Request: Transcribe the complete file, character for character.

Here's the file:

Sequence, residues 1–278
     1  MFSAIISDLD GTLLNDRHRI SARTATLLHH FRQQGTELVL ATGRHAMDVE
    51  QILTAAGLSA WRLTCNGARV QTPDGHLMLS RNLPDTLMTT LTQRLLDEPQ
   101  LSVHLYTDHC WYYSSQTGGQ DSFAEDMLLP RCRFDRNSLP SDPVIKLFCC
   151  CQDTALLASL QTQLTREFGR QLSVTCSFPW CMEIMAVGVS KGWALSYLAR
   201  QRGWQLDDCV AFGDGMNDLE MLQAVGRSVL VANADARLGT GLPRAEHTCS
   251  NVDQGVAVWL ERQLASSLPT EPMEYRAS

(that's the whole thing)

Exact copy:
Sequence, residues 1–278
     1  MFSAIISDLD GTLLNDRHRI SARTATLLHH FRQQGTELVL ATGRHAMDVE
    51  QILTAAGLSA WRLTCNGARV QTPDGHLMLS RNLPDTLMTT LTQRLLDEPQ
   101  LSVHLYTDHC WYYSSQTGGQ DSFAEDMLLP RCRFDRNSLP SDPVIKLFCC
   151  CQDTALLASL QTQLTREFGR QLSVTCSFPW CMEIMAVGVS KGWALSYLAR
   201  QRGWQLDDCV AFGDGMNDLE MLQAVGRSVL VANADARLGT GLPRAEHTCS
   251  NVDQGVAVWL ERQLASSLPT EPMEYRAS